Macadamia Mound Tart
When it comes to food, more isn’t always better.
Think of a bucket of fried chicken. In principle, it’s abundant and bountiful and saliva-inducing in the way only a fried chicken bucket can be, but dig in, and you’ll find every piece below the top few soggy and sweaty from the steam trapped between the layers. Or picture a buffet line, with hordes of people piling disparate dishes on their plates, with no regard for flavour combination or textural balance. (Crispy chicken tenders and prawn tempura wouldn’t do well next to gravy-heavy beef stew, for instance.) Or watch the Coney Island Hot Dog Eating Contest, with mounds of phallic hot dogs and pale, starchy buns set on a table, just waiting for Joey Chestnut and Kobayashi to destroy them.
So you see, abundance, while theoretically desirable, isn’t always delightful. More than that, sometimes, it even elicits feelings of disgust.
The worst offender of this has to be the continental breakfast. Here’s the typical situation I get into: I usually start off well, giddy with excitement. I mean, there are towering trays of bacon and hash browns, rotary dispensers with 6 different kinds of cereals, plates of cold cut salami and cheeses, a conveyor toaster that is always so much fun to play with, and the compulsory egg station making omelettes and sunny-side ups as fresh as you can get them. What’s not to like?
But then I do my rounds, and the pristine picture starts to fall apart. The bacon and hash browns are limp and soggy, squished from the weight of the stack. The cornflakes and cocoa pops taste nothing like the ones you’re used to, because they come from a nameless brand. The conveyor toaster is set too low so it doesn’t brown your toast enough, but when you put it in for a second pass it becomes burnt beyond belief. And the egg station is manned by that one chef that clearly doesn’t want to be there, plus he keeps getting your order wrong. (I said everything EXCEPT peppers, damnit.)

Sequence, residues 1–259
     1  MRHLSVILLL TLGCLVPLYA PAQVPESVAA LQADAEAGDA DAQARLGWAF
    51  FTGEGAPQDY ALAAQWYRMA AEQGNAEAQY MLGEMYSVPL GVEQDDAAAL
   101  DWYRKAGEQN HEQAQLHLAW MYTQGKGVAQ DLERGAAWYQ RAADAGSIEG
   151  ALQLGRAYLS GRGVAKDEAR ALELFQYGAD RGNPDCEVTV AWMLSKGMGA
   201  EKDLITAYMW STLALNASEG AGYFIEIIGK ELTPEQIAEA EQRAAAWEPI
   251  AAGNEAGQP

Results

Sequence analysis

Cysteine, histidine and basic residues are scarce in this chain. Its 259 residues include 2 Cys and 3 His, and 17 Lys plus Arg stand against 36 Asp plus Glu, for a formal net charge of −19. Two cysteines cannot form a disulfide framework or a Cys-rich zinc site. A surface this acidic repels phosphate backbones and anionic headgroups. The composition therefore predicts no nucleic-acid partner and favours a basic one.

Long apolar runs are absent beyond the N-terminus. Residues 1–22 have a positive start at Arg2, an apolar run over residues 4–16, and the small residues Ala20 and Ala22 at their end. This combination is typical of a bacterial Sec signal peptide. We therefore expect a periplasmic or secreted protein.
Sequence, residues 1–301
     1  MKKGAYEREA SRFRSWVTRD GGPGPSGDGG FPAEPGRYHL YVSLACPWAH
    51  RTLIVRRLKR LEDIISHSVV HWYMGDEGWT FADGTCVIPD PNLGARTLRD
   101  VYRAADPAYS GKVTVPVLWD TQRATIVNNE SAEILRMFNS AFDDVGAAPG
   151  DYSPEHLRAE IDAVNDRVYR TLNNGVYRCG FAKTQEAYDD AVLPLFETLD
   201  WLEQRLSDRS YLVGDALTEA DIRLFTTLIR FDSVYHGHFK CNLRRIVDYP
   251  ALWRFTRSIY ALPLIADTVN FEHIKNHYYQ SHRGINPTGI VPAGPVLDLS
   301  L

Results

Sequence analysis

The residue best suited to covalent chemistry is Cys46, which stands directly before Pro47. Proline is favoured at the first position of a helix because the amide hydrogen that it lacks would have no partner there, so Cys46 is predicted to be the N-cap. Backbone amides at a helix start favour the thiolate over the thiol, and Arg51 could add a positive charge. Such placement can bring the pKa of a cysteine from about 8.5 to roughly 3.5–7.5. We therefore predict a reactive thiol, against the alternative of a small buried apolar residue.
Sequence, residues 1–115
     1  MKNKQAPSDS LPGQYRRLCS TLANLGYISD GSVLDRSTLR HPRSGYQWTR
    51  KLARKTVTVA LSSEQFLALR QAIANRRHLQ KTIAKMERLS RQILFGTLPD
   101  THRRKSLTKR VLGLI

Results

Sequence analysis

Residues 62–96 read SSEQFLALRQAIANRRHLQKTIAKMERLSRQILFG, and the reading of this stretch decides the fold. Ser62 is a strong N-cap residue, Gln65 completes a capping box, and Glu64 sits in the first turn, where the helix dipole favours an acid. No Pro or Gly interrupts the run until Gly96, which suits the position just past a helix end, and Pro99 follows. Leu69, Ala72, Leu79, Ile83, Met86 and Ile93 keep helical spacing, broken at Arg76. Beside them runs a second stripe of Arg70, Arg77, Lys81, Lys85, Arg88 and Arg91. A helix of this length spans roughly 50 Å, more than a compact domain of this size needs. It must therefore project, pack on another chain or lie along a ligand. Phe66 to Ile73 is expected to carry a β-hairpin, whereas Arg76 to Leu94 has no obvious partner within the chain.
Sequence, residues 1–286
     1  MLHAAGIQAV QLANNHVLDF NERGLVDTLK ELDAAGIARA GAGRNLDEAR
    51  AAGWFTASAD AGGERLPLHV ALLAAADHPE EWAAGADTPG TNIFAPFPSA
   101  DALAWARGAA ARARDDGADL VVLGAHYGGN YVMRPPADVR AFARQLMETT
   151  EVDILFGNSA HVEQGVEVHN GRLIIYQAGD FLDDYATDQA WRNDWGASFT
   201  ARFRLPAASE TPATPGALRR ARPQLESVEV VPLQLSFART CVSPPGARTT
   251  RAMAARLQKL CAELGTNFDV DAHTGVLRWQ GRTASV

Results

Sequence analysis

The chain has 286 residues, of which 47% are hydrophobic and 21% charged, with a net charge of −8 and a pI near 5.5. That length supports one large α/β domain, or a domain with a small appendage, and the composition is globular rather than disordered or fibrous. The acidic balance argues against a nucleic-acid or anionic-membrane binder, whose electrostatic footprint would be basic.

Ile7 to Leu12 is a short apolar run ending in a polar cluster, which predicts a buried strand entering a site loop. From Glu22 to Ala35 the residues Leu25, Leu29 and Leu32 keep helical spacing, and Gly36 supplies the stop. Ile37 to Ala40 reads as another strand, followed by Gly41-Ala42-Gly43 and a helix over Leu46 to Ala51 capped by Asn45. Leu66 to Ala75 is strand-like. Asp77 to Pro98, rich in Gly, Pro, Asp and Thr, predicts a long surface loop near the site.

But sometimes, just sometimes, more can be better.
And high on the mountaintop of plenty, sitting on the Iron Throne of Abundance, is Ottolenghi. Walk past any Ottolenghi restaurant in London, and you’ll find piles of pastries and mounds of maftoul and moghrabieh, trays of tabboulehs reflecting the rays of spring sun shining through the windows, and an island filled with bundt cakes, chocolate slices and tahini-flecked patisseries oozing with childish delight.
Maybe it’s the way they’ve styled their spread—seemingly laissez-faire but clearly done with intention. Maybe it’s the Greek touches in their salads and the Asian influences in their patisseries (influenced by Helen Goh, no less). Or maybe it’s the vibe that they manage to convey, that they actually care about food and flavour. Because despite the stigma we have against buffet towers and soggy salad spreads, Ottolenghi has somehow managed to flip convention, and make abundance in vogue. More than that, they’ve blazed a trail and started a revolution of sorts. Because in virtually every city in the world, you’ll find Otto-wannabe bakeries and cafes, piling their pastries, stacking their salads, making the concept of plenty cool again.